Even given the legality of guns, fully automatic machine guns and anti-tank rockets aren’t legal for ordinary citizens. Even the NRA doesn’t push this stuff (at least, I don’t think so), so there’s some evidence that this is a reasonable policy. Presumably, because these things are really dangerous–so they should be banned. Of course, a typical deer rifle is also pretty dangerous. So where to draw the line? So here’s a radical suggestion: If an object has no purpose other than simply killing people, it should be banned. The deer rifle should be legal, and so should duck hunting shotguns, because they have more or less legitimate sporting uses beyond killing people (I won’t get started on the whole hunting thing). However, handguns are out. People don’t hunt deer with handguns. The only thing a handgun is useful for is killing another person. Handguns are small machines designed to end people’s lives–killing machines. (Sure, target pistols can be excepted.) If the sole use for an object is killing people, it shouldn’t be allowed. Period.
OK, maybe that’s simplistic. How about this: For every firearm sold to the public, a ballistics workup (e.g. firing pin signature) is done and stored in a nationwide database. When the firearm is sold, the buyer and the ballistics workup are linked. Then, if the gun is fired in the commission of a crime, then ballistics can trace the person responsible for the firearm. That person should be charged with that crime, even if they didn’t commit it–because they were a part of the crime by enabling the bearer of the firearm. For instance, in these school shootings, whoever’s guns those actually were should be charged, along with the kids, for the murders. After all, the murders wouldn’t have happened if the kids didn’t have access to the guns, now would they? This is vaguely like a CAP law, but much higher octane.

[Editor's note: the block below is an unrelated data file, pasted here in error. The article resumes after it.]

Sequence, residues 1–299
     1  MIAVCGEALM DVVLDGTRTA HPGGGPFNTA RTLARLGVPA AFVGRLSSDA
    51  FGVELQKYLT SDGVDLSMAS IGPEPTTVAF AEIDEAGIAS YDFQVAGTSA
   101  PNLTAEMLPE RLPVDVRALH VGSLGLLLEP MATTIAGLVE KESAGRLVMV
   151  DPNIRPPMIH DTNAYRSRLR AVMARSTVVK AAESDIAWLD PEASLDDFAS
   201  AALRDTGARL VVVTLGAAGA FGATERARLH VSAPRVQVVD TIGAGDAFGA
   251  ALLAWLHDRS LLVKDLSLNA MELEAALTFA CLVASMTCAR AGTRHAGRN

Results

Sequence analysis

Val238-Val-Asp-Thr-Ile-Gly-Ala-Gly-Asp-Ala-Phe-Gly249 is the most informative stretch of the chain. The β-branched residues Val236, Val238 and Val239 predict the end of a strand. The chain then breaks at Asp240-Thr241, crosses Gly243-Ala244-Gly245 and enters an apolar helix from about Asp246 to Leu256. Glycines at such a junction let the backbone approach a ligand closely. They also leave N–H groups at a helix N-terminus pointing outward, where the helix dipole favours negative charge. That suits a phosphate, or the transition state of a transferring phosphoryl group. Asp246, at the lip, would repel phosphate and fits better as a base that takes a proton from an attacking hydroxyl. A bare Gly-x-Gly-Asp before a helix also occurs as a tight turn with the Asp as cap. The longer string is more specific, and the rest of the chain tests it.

Why wouldn’t this be reasonable? This should never come into play for law-abiding gun owners, which is who the NRA claims they’re trying to protect. (Why these law-abiding citizens have needed things like teflon-coated stainless steel bullets, which can pierce Kevlar, is still a mystery.) Of course, the NRA would probably argue that innocent gun owners would be penalized if their guns were stolen. Wrong–this is overly simplistic. They would be charged. The gun owners would have the rights to a trial just like any other suspected criminal. If they can prove in a court of law that they took every reasonable measure to ensure that the gun was not used in commission of a crime (leaving a loaded gun in an unlocked drawer, for instance, wouldn’t cut it), then they’d be innocent. If you really feel the need to own a deadly weapon, you’d have to take responsibility for it. Conservatives are always going on about personal responsibility, so why shouldn’t people be personally responsible for what happens as a result of their need to own killing machines?
On a related ironic note, the Colorado legislature just passed a bill attempting to head off lawsuits against gun manufacturers by cities (according to the NRA’s website, dated April 16, 1999). Perhaps the governor, in light of current events, can see his way through not signing this into law.
(original date: 1999.04.21)
April 15th, 2005
A rant I’ve had brewing for many years: television and morality. Why is it that in the U.S., it’s OK for people to be dismembered on prime-time television, but it’s completely taboo to show a <gasp> bare breast? In Europe, it’s quite the other way around: minor nudity is no big deal, but violence is hard to find on television (other than football–err, soccer–spectators). Is it any wonder the U.S. is so far ahead in violent crime and so Medieval about the human body, when this is what we’re fed over the tube? I think the Europeans have this one way ahead of us here in the States.
(original date: 1997.05.07)